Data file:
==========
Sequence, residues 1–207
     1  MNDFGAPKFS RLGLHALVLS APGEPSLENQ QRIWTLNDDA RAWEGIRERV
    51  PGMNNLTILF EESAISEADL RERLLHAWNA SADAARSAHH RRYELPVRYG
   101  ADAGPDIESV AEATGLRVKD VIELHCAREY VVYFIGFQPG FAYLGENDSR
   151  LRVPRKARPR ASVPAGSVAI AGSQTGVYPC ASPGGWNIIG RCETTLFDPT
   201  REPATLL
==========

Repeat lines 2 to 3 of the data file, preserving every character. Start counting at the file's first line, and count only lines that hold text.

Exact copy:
     1  MNDFGAPKFS RLGLHALVLS APGEPSLENQ QRIWTLNDDA RAWEGIRERV
    51  PGMNNLTILF EESAISEADL RERLLHAWNA SADAARSAHH RRYELPVRYG